BIN Involved in Killing Munir: Team

After having strong suspicions of the role of the National Intelligence Agency (BIN) in the poisoning of rights activist Munir, a government-sanctioned fact finding team concluded earlier this week that the agency was involved, according to its report to the President.

"BIN is believed to have been involved in a conspiracy to murder Munir," the team's deputy chairman Asmara Nababan stated on Wednesday on the sidelines of a closed-door meeting to prepare the report.

The report, however, did not definitively state that BIN committed an institutional crime, nor did it state how deeply BIN individuals were involved. In addition they did not find a clear motive behind the murder, mostly because of the agency's reluctance to give the team complete access to certain relevant documents and its arms warehouse.

"We've kept the names of the suspects in our pocket, but we can't determine how far they contributed to the murder," Asmara said.

In its report set for submission to President Susilo Bambang Yudhoyono on Thursday, there is the suggestion for the President to order the police to launch a full investigation of some BIN officials, who were in charge when Munir died last September.

The team, whose mandate expires on Thursday, was formed by the President to help the police investigate the case.

A source said the role of each BIN official in the murder was described in the nearly 100-page report, including who played which roles, such as the mastermind and the final executioner.

Another team member, Munarman, hinted that the team would recommend police investigate former BIN chief A.M. Hendropriyono, who previously refused to respond to the team's three summonses.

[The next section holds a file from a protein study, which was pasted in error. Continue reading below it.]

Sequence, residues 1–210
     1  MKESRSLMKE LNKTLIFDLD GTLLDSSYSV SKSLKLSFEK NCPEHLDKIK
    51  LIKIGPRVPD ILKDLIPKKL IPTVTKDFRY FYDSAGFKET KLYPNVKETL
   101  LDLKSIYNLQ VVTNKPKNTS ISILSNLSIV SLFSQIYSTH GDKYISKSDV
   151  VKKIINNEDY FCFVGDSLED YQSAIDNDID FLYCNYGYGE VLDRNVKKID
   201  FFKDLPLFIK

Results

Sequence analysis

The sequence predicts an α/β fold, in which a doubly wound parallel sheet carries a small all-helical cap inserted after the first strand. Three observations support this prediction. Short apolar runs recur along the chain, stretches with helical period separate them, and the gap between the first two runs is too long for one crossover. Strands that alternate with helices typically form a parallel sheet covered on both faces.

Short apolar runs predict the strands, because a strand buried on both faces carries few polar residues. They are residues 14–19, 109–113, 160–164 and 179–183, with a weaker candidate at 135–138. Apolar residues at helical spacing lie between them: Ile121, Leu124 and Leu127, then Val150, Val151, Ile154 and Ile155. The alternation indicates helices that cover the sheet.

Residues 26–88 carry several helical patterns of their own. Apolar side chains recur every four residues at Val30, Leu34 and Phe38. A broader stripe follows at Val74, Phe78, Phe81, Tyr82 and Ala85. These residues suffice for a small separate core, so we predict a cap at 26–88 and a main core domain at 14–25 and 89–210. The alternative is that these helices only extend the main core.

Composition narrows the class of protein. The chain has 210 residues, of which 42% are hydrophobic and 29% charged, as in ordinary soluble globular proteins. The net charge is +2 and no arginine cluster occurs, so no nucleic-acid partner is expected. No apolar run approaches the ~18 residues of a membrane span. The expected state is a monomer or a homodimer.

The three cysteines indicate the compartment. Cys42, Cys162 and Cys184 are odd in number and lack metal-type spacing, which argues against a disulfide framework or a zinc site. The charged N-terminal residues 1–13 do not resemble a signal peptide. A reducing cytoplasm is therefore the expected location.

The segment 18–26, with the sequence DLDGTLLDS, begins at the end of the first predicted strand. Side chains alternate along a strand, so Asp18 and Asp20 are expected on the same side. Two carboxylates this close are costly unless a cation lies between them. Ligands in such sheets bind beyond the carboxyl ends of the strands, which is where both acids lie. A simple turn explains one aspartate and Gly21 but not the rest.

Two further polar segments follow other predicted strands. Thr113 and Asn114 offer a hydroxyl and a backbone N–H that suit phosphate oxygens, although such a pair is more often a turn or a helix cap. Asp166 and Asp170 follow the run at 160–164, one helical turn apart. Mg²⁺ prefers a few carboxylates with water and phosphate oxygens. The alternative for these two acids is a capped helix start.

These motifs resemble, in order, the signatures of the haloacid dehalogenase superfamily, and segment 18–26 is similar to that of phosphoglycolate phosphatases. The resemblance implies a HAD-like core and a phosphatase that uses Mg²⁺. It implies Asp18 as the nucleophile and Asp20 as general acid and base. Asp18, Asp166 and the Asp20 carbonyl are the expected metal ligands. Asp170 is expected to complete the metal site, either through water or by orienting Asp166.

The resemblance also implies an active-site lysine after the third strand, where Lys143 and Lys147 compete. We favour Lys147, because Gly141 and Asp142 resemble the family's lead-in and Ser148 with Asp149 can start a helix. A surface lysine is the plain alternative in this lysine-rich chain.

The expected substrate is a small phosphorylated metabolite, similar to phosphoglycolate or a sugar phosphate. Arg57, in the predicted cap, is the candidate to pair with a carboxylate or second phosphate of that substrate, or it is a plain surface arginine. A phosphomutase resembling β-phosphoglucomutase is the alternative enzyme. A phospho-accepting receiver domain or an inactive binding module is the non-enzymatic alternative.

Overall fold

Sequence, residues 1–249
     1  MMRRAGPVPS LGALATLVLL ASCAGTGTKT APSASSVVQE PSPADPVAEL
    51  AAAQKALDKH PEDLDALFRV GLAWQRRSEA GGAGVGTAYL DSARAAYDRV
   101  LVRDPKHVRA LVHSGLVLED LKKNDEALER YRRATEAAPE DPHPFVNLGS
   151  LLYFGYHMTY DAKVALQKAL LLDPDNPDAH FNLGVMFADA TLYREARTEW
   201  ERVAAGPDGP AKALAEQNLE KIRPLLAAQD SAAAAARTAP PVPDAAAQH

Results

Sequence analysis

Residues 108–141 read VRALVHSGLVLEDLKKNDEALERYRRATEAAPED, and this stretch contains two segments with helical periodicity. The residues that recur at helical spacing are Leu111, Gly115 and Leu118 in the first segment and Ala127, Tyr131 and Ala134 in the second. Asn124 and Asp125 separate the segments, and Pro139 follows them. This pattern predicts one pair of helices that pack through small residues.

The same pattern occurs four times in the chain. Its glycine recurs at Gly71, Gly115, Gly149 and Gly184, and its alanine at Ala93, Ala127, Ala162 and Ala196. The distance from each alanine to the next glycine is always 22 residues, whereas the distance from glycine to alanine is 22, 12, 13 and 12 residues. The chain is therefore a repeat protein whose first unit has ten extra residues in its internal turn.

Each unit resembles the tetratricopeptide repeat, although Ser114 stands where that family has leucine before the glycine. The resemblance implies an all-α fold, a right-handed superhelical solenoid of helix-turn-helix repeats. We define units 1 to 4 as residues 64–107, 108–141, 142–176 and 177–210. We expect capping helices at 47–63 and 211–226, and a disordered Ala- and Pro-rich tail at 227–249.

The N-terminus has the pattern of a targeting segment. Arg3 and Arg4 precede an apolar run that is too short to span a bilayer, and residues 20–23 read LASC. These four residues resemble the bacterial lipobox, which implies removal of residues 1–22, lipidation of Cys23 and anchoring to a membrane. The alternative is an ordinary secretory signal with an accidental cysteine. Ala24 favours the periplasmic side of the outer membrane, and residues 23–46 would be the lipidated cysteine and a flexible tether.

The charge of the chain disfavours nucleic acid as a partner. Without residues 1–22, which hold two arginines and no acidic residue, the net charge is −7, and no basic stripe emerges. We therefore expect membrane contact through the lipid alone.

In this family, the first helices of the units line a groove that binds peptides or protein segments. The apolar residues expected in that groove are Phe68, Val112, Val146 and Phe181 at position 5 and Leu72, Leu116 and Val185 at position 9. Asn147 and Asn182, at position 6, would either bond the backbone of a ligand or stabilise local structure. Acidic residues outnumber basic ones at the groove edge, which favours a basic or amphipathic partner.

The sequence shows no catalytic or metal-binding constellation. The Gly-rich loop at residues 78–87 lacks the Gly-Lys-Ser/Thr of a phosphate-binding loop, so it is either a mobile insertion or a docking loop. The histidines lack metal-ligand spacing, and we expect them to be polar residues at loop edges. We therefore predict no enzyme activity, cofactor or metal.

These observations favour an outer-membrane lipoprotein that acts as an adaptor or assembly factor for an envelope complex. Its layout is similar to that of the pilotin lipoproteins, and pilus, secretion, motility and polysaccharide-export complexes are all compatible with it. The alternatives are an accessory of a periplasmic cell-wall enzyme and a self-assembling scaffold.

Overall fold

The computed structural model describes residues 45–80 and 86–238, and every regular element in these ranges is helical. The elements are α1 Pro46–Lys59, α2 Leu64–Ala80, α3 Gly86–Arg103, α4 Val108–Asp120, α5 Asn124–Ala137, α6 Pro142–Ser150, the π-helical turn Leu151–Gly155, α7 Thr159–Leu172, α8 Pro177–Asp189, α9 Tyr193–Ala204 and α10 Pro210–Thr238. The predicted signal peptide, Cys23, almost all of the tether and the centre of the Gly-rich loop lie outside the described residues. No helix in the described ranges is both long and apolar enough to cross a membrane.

"I can assure (you) that one of them is a person who strongly reacted to our findings and recently concluded a 'political road show' to approach the legislators," said Munarman, who also heads the Indonesian Legal Aid Foundation (YLBHI).

Hendropriyono met with a group of House legislators -- who are currently discussing the Munir case as well -- for a second time on Tuesday. The fact finding team declined an invitation to the meeting. The meeting was intended to give the team members a chance to seek Hendropriyono's clarification, which had eluded them.

Hendropriyono has filed a report with the police against two of the team members for defamation.

In its report, the team also criticizes the police for its poor performance in handling the case, prompting the team to ask the President to establish a supervisory team to ensure the police seriously deal with the case.

"We have learned that the police failed to raise key questions during the questioning of witnesses, including Muchdi," Asmara said, referring to former deputy BIN chief Muchdi PR.

*Published by The Jakarta Post, June, 23, 2005